Physical Preparation for Team Sports: Weekly Plans
I am continuing the previous part where I discussed the analogy of the “puzzles”. In this piece I will cover two concepts that needs to be taken into account when planning: strengths~weaknesses and individual~collective complementary pairs. I also cover “probabilistic planning” model and the idea and use of heuristics.
The concept of strength and weaknesses is a bit abstract, but it can guide our decision making when planning out the micro-cycle. It is most frequently related to team tactics and game plan (strategy), but it can be applied to other training components/buckets (technical, physical, mental, etc) as well.
One can look at strength/weaknesses as trade-off, but they can be seen as separate entities (i.e. their sum is not always the same, or zero). Each mini-block have different emphasis in this strengths/weaknesses continuum. This can be seen as a simple diagram (quadrant).
Figure 10. Strength/Weaknesses Quadrant
During the recovery mini-block the athletes are not very receptive for any type of work, so both work on strengths and weaknesses is low.
Taper mini-block and game are when we are working mostly on strengths and reducing the work on weaknesses since we want to build up the confidence in player and play on our strength. This is the time where we emphasis preparation for the upcoming game and minimize mistakes correction from the last game.
Loading mini-block is great time to work where we can really work hard on both strength and weaknesses: address the weaknesses from the previous match and try to correct them for the upcoming opponent.
Since the functional groups might differ in terms of mini-blocks, their strengths/weaknesses curve might differ as well, but the general position of each individual mini-block in strengths/weaknesses continuum/quadrants still hold.
When we put the “puzzles” in a simple week plan, we can get the following picture:
Figure 11. Strengths and Weaknesses work in a simple micro-cycle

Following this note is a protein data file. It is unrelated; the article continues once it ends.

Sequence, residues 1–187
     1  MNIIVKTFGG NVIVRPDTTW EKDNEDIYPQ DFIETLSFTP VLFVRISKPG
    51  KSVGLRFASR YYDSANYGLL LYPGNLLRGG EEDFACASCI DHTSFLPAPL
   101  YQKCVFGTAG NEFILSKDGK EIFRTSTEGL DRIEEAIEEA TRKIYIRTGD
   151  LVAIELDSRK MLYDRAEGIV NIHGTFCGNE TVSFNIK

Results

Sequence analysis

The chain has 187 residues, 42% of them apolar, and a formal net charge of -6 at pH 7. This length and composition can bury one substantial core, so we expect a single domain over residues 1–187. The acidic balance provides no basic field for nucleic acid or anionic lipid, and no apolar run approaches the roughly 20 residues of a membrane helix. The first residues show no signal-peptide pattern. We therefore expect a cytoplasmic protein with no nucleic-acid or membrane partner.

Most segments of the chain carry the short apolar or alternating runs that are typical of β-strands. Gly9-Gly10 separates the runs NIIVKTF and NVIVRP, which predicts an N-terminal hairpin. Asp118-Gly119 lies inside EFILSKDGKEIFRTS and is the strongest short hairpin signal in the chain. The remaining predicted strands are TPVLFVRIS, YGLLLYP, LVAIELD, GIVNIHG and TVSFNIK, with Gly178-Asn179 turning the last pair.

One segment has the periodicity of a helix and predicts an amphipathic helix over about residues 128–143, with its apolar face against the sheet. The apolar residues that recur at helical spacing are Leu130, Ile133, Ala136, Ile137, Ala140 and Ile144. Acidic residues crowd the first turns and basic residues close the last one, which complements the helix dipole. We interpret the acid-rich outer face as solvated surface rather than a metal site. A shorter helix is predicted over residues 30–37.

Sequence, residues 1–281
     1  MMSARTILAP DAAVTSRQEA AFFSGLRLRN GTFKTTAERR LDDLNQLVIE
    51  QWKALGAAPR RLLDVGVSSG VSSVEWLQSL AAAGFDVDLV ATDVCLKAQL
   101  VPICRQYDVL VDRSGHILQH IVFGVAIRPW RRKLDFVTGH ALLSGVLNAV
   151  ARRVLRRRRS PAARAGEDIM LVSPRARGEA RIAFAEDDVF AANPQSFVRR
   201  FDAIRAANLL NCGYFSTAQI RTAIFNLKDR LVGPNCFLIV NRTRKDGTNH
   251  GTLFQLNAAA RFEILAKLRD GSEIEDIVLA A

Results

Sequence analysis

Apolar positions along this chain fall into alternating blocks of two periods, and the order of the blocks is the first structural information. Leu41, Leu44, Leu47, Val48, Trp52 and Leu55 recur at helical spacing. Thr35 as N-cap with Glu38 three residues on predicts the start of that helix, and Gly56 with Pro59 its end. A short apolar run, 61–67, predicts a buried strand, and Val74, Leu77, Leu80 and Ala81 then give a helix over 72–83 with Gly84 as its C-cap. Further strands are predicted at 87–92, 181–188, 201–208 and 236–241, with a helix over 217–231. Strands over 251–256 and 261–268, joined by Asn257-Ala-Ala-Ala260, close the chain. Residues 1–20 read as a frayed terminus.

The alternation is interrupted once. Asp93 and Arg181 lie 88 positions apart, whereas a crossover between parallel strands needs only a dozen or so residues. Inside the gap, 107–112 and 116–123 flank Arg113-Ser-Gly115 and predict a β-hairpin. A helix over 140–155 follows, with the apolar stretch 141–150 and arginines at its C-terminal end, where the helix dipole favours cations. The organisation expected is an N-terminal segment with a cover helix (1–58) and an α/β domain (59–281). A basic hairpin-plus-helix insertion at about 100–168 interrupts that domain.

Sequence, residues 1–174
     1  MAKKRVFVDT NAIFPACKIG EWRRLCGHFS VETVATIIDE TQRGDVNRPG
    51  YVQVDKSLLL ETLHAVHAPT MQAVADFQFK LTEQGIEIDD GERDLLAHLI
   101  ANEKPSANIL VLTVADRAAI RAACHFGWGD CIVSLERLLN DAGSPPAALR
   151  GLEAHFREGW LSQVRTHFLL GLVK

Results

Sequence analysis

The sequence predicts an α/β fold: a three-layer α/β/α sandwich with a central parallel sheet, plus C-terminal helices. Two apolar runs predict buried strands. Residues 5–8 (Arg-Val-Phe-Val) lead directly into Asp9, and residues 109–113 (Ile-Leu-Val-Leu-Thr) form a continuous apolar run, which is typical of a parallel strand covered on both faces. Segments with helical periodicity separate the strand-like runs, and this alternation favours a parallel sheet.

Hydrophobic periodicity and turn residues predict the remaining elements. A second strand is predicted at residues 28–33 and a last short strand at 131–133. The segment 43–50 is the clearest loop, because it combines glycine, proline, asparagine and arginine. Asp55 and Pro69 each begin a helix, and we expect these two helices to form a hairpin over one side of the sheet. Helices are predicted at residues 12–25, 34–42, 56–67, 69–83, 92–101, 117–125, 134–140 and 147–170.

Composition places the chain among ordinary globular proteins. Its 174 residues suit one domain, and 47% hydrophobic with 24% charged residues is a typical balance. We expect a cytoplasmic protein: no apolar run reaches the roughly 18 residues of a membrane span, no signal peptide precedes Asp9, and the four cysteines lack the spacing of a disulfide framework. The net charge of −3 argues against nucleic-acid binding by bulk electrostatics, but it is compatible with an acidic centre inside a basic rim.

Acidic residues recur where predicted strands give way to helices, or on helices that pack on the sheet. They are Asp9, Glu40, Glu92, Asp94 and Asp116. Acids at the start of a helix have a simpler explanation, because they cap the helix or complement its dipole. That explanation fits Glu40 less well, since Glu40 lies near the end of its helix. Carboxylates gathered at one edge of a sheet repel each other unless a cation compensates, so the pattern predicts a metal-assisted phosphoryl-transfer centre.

Different game phases (e.g. defense, attack) might get different emphasis on strengths/weaknesses continuum/quadrant. For example, some coaches prefer to stick to their team “intrinsic” attaching game plan (i.e. work on strengths), and prepare the defense for the upcoming opponent (i.e. fix the defense weaknesses based on the upcoming opponent attacking play style). It is again important to emphasis that these are abstract concepts that can be applied on multiple levels and components differently, and thus represents only a model/”jig” that the coach can use to help his planning decision making.
The concept of strengths/weaknesses can be extend to longer time frames as well. For example, in early parts of the preparatory period we might emphasize work on the weaknesses of the team, and in the later parts we might spend more time working on strengths. This distinction is not as clear cut in reality – coach needs to “probe” the team (see Complex quadrant in Cynefin Framework 1) and learn about the team and individual players (especially if that is his first season with the new team). He/She also needs to deliver MVP (minimum viable performance) to friendly games and rise the confidence of the board and players. This is of course not possible if he/she works only on weaknesses of the team.
Hence, work on strengths and weaknesses is intertwined inside a given micro-cycle (i.e. shorter and more intense waves), but it can also show different tendencies over the longer time frame (i.e. longer and less intense waves).